JY: violets also reminded me of how philosopher Susan Sontag posits photography as an inherently violent art form, in which “the camera is…a predatory weapon”. I was struck by how Oh San fell in love with a photographer, someone whose job is to observe and “capture” others in pictures. I wonder if you have more to say about the daily act of being observed, as a woman.

Memories have the ability to be transformed at will, by the person who wants to remember them.

KS: violets is from the perspective of a camera looking down, taking a picture from above. It was an intentional move. The photographer’s appearance is an extension of this perspective, as is the gaze of the construction crew observing the women playing badminton. Even Oh San’s hidden love and desire is observed by someone and eventually leads to violence. In the first part of violets, I focused on the loneliness that occurs when an individual’s uniqueness is not preserved, but rather subjected to scrutiny and broken. Modern life is not made of intimacy, but of being observed by others.

JY: Memory is a visibly unreliable concept in violets, not only for Oh San as a narrator, but also in how verb tenses and viewpoints have changed throughout. Could you tell us more about the role of memory?

KS: Memories have the ability to be transformed at will, by the person who wants to remember them. Each person will remember differently, depending on the mood, time, place and position where the memory is formed. If three people have experienced an event together, their memories should be the same, but they are all different. Even though this liquidity causes countless misunderstandings, I believe that life is ultimately completed by our accumulation of memories. This is why memory is precious to me. Continuing to prove that my memory is close to the truth is perhaps also writing.

JY: I was struck by how you infused such a lively character into the environment of Oh San. The flowers and the minari field seemed alive, but so did Seoul – with the details of the Italian restaurant, the ‘long hall’, the crowds at night. Could you say more about the setting of Seoul in the novel?

KS: When I read Patrick Modiano in France or Haruki in Japan [Murakami], I have this desire to go and see the streets where their protagonists roam. The street presented in violets is the street I lived on in my twenties, and the street that leads from Samcheong-dong to Gwanghwamun [the largest gate of Gyeongbokgung Palace] Jung-dong. I wanted to make my readers want to walk this street, so I described the street that Oh San takes in great detail. Then, during that process, I started seeing the lives of people walking down that street again, and that heavily influenced the novel.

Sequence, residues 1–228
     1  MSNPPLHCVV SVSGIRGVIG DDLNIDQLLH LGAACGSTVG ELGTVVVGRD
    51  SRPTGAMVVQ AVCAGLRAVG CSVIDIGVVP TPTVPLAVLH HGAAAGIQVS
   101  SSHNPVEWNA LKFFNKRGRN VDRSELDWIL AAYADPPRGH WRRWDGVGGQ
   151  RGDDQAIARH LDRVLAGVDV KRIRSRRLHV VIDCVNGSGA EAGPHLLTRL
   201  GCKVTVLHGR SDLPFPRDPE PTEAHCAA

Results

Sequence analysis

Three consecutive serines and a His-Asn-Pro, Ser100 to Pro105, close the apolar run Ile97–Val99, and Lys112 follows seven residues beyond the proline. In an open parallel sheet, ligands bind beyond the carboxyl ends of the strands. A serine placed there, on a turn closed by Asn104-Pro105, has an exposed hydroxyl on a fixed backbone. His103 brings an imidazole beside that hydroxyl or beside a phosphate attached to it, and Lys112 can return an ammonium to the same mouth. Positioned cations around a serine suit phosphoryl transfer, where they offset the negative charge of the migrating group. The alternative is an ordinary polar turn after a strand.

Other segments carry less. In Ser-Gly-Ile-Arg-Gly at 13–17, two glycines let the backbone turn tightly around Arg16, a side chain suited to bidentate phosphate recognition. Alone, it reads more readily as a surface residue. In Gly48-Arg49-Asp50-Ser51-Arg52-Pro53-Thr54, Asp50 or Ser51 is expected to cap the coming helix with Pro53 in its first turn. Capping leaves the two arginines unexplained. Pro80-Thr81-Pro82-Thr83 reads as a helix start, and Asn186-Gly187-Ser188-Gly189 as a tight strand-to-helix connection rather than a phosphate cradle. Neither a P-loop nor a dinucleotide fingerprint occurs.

JY: The beginning of violets is almost surreal, like being told a fable we should already know. You also use the myth of Io in the novel, to describe how violets were created. And then there’s the foreshadowing throughout. Do you have anything else to say about the idea of ​​destiny evoked by this tone of fable/myth?

KS: By borrowing the myth of Io, I hoped that the anonymous life of Oh San would be fleshed out with a different symbolism. I meant that this woman didn’t suddenly appear out of nowhere, that it was passed down from generation to generation. “Destiny” or “destiny” is what we call things we can’t decipher. But even if it’s indecipherable, I think fate is ultimately what you decide in your subconscious.

JY: Do you have any other ideas to share?

KS: I wrote it in the author’s note, but a violet is a very small flower. It’s a flower that you won’t even know it’s blooming if you don’t look closely. The first sentence of this novel is: “A little girl”. I hope you’ll listen to this little girl’s dreams that couldn’t come true, and the shattered desire she held to herself.